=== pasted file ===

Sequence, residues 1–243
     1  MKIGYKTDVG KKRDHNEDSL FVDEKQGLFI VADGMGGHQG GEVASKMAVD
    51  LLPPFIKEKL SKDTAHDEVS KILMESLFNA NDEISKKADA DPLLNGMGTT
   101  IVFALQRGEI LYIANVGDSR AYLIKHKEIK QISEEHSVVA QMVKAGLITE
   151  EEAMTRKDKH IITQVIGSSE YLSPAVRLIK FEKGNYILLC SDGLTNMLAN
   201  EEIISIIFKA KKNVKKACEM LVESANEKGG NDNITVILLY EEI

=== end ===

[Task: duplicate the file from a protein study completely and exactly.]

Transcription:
Sequence, residues 1–243
     1  MKIGYKTDVG KKRDHNEDSL FVDEKQGLFI VADGMGGHQG GEVASKMAVD
    51  LLPPFIKEKL SKDTAHDEVS KILMESLFNA NDEISKKADA DPLLNGMGTT
   101  IVFALQRGEI LYIANVGDSR AYLIKHKEIK QISEEHSVVA QMVKAGLITE
   151  EEAMTRKDKH IITQVIGSSE YLSPAVRLIK FEKGNYILLC SDGLTNMLAN
   201  EEIISIIFKA KKNVKKACEM LVESANEKGG NDNITVILLY EEI